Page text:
Columnists

More chiefs should come out on bad cultural practices

EMELDA Musonda.

Analysis: EMELDA MUSONDA
PARAMOUNT Chief Kalonga Gawa Undi of the Chewa people last week took a drastic and unusual step for a custodian of culture to denounce and ban some traditional practices deemed to be in bad taste in his chiefdom.
According to a statement issued by Chewa Heritage Foundation – Zambia Chapter culture and traditional affairs secretary Dismus Banda, the Paramount Chief has banned the following seven traditional practices:
• ‘Cidyerano’, a sexual practice where men forcibly exchange their spouses for sexual variety against their wish.
• ‘Chokolo’ (spouse inheritance), where widows and widowers are forced to marry family members of their dead spouses.
•‘Fisi’, also known as ‘hyena concept’, where parents employ a mystery man (hyena) to test sexual skills of a young girl who has reached puberty.
• Sexual cleansing
• Early marriages below the age of 16
• Gule Wamkulu – Initiation into the secret society will no longer be obligatory but only willing boys above the age of 16 should be initiated with consent.
It is commendable that Chief Undi has taken the most honourble and progressive step to denounce the traditional practices which have been part of the Chewa people for many generations.
While it is acknowledged that like in other parts of the world, culture is an important aspect of identity and heritage for all Zambian tribes, there is need to ensure that it is aligned with modern times and legal frameworks.
It is evident from the traditional practices banned by Chief Undi that despite being embraced as a way of life, they border on criminality, human rights violation, health risk and immorality.
For instance, Cidyerano is just another name for adultery and rape. This act which is done against the consent of women is also a sure recipe for transmitting HIV and AIDS and other sexually transmitted diseases.
Fisi’, also known as ‘hyena concept’, where parents employ a mystery man (hyena) to test sexual skills of a young girl who has reached puberty cannot be anything outside defilement.
This practice is done on girls between the age of 12 and 13. According to Zambian laws, these are minors and anyone who has carnal knowledge of them commits defilement, which attracts a minimum jail sentence of 15 years with hard labour.
It is indisputable that many other tribes are still holding on to bad practices in the name of preserving culture.
For instance, practices such as sexual cleansing, initiations and spouse inheritance cut across different tribes.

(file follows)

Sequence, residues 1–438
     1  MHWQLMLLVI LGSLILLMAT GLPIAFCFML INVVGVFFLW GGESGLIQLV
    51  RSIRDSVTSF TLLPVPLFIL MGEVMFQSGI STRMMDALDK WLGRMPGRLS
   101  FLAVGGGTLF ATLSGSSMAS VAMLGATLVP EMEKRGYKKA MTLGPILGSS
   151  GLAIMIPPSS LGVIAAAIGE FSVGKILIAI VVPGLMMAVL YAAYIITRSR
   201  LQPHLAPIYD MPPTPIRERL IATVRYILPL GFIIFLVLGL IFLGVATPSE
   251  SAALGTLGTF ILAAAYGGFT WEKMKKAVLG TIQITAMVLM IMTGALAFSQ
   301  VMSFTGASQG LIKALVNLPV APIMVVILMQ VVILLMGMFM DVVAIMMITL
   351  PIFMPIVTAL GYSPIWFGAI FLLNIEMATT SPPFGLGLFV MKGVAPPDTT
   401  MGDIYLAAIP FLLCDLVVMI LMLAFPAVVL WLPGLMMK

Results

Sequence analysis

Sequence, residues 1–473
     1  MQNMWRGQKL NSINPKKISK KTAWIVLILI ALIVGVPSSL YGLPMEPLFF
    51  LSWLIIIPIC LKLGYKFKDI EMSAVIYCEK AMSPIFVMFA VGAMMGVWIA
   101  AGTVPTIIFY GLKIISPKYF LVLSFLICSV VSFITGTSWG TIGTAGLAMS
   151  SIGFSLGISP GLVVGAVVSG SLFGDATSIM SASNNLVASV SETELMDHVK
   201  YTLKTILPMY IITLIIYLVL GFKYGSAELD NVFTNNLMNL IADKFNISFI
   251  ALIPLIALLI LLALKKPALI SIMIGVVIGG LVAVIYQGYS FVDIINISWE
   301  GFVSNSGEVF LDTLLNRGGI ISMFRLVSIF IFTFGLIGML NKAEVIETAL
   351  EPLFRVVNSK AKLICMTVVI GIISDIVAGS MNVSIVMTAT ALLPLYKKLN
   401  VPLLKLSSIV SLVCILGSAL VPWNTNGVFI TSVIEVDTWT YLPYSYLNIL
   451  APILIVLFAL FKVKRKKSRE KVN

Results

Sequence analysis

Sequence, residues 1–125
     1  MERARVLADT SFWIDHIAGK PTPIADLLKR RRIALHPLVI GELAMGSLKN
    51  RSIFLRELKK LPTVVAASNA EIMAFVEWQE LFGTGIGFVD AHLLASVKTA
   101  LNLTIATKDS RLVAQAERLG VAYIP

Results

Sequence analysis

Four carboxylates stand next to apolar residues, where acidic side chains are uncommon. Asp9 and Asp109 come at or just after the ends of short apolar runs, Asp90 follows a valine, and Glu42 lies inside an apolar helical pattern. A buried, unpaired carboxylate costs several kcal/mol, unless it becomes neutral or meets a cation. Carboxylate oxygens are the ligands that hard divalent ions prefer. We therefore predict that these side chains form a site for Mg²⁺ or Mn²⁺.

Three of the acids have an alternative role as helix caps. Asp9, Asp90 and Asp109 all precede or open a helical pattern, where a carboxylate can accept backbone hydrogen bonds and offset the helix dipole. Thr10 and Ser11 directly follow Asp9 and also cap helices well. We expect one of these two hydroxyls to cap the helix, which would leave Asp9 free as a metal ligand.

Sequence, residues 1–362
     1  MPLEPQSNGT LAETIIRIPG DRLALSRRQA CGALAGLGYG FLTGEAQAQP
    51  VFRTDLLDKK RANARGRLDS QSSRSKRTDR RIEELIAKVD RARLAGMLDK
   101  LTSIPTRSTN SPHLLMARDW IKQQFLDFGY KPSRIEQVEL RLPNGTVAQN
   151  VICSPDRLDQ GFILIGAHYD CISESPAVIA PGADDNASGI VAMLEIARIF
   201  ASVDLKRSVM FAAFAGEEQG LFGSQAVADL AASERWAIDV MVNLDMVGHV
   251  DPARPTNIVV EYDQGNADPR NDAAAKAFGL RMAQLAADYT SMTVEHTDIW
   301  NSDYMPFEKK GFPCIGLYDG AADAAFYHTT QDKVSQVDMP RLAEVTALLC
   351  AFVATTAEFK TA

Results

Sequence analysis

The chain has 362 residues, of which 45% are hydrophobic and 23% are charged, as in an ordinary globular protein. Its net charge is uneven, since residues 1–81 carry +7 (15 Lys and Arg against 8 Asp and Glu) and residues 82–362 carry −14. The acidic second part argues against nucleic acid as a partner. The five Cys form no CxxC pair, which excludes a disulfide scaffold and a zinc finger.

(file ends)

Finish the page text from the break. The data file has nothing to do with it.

All traditional leaders and custodians of culture need to be sincere enough and interrogate all their traditional practices to see if they are in conformity with the law and relevant in the modern day.
There is need to interrogate practices around traditional ceremonies, funerals, weddings, initiations and birth among others.
For instance, there are traditional practices which allow women to go bare-breasted in public. If weighed against morality and Christian values is such a practice still necessary today?
Let us be careful not to disguise indecency in the name of tradition.
In Zambia, pornography or indecent exposure is not only against Christian values but is illegal.
Now that we are a Christian nation, we need to align our traditional practices to biblical principles which uphold morality.
Burial of Cchiefs in Zambia like other parts of Africa come with a lot of secrecy and rituals which could also mean that burying live human beings as escorts could be happening under our nose in a Christian nation.
Chief Undi has set a good precedent that traditions are not cast in concrete. Bad ones can be discarded while maintaining the good ones.
I implore all traditional leaders and custodians of culture across all tribes to carry out a thorough interrogation of their traditional practices and weigh them against the law and Christian values.
By now, other chiefs should have started coming out in the open to make similar declarations which are in the best interest of the subjects and the nation as a whole.
For now, I take it they are still interrogating their traditional practices before making a public decree.
The author is Zambia Daily Mail editorials editor.



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